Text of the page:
Looking for something to do this summer? The Tea Party is hosting a week-long seminar for children in Tampa, Florida, to teach them “important” principles.
According to the St. Petersburg Times, a Tea Party affiliate organization has created a summer camp called Tampa Liberty to teach kids between the ages of eight and 12 ideals such as “America is good,” “I believe in God,” and “I work hard for what I have and I will share it with who I want to. Government cannot force me to be charitable.”
To learn these lessons, children perform ideology-reinforcing activities such as blowing bubbles and having others pop them, you know, to learn the effects of socialism.
“We want to impart to our children what our nation is about, and what they may or may not be told,” says Camp organizer Jeff Lukens.
The camp is scheduled to start in mid-July and 32 spots are still available. Are you signing up?
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Sara Imjan on Wednesday, Apr. 27th
The White House has released President Obama’s long-form birth certificate that members of the Birther movement (which includes numerous Tea Party officials and one of the Republican party’s most popular presidential candidates, Donald Trump) have sought as the product of a two-year long witchhunt.
In a speech this morning, the President decried the demands as a “sideshow” from “carnaval barkers.” But he didn’t go far enough. In the parallel universe of sane politics that must be out there balancing out our wildly teetering Washington, the country that elected the man would have long put the issue to rest, marginalizing the Birthers and their ilk for the xenophobic subtext that has fueled the campaign to delegitimize the first non-white male to hold the country’s highest office. No such consensus opprobrium transpired, and meanwhile, elected officials have been unable to keep a lid on their racist outbursts. So, having made an outsize gesture that not only acknowledged but conceded to this buffoonery, the President squandered an invaluable moment in the spotlight availed by the birth certificate’s release. His speech contained a tepid reproach that never once used the word “racist.” Am I surprised that Obama is being accomodationist? Not in the least. But given that his opposition has made race the most enduring issue behind their politics, the least he could have done is fully owned the moment, and told them ’bout themselves. And more critically than responding to the Birthers, Obama could have sent a message to the rest of the country that entertained the years long spectacle in relative silence.
However, such a dressing down probably wouldn’t have accomplished an end to the political terrorism itself. As the Atlantic reported this morning, after Trump’s self-congratulatory moment for his Sysiphusian dedication to uncovering Obama’s deceptions, he didn’t miss a beat before declaring that the next stone to turn over is the President’s college record. Unfortunately for Trump, last time I checked, that kind of falsehood isn’t impeachment material.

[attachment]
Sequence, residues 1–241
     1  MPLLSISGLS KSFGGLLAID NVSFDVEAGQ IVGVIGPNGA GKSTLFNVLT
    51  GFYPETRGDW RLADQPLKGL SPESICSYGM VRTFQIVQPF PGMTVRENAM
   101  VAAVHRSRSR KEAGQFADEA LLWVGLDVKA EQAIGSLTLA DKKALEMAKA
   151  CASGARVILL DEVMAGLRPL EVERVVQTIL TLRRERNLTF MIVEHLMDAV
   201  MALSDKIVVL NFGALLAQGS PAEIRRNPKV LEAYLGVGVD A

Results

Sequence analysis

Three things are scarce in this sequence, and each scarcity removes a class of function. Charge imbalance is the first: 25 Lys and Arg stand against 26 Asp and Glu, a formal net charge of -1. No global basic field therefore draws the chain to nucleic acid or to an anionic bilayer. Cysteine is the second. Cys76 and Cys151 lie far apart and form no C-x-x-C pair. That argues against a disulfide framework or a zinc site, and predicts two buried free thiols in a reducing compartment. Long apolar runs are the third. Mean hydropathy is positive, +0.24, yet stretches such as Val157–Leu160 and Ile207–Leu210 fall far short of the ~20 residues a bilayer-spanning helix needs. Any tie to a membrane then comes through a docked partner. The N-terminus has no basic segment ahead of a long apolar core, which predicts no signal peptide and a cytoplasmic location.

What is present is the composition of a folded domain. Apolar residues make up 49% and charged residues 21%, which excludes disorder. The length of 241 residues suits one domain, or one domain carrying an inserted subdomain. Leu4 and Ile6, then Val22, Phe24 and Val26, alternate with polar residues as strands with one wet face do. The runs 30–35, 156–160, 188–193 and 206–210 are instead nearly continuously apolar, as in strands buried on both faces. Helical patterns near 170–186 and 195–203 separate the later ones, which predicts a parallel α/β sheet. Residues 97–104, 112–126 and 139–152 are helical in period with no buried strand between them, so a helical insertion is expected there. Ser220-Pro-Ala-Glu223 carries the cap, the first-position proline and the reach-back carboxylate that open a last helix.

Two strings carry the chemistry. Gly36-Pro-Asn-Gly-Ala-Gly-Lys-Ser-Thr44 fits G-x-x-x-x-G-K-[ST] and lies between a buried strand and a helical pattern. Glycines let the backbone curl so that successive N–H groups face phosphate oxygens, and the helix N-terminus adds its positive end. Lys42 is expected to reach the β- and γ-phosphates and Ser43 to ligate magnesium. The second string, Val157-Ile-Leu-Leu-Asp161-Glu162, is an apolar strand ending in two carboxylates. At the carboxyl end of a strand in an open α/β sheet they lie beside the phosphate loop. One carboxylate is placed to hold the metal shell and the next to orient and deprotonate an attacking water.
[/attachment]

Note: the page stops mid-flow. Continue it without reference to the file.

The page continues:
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Oh junk! Monday is Tax Day. The day only the IRS loves. All across the United States people are racing to finish up their forms, and some are racing to finish up their protest signs. As has become a tradition, the Tea Party is getting ready for some tax revolt action. Yet this year they won’t be alone. The activist US Uncut, a grassroots effort that “connects corporate tax cheating to cuts in valuable public services” has their own actions planned for this weekend.
From US Uncut’s release on their planned actions:
In Washington D.C., local organizers are holding a “guerilla book signing” at a corporate storefront with soon-to-be bestselling author Nick Shaxson, who recently wrote Treasure Islands: Uncovering the Damage of Offshore Banking & Tax Havens. On April 18th, the anniversary of Paul Revere’s ride, local Boston activists are holding a March for Common Sense with the rallying cry: “The Cuts are coming! The Cuts are coming!”
Organized primarily through social media, citizens in nearly 100 cities across America have organized events at corporate storefronts to take creative action on a weekend most Americans dread. Holding signs that say “Tax Cheat”, “Uncut US”, and “Chop from the Top, Not from Mom & Pop”, activists from previous actions appear to be a fun mix of soccer moms, college kids, and social security recipients.
This after a week where the organization and those dastardly culture jammers the Yes Men managed to cause G.E. stock to loose billions (temporarily) by issuing a fake press release that duped the Associated Press and USA Today into thinking the company was going to voluntarily pay back their $3.2 billion tax refund. (And yes, we recognize the irony of making a post out of a press release from people who issue fake press releases that cause havoc. We don’t put press releases out here on Turnstyle as a rule, but think this is an interesting development worth watching, that just won’t get covered by the mainstream media.)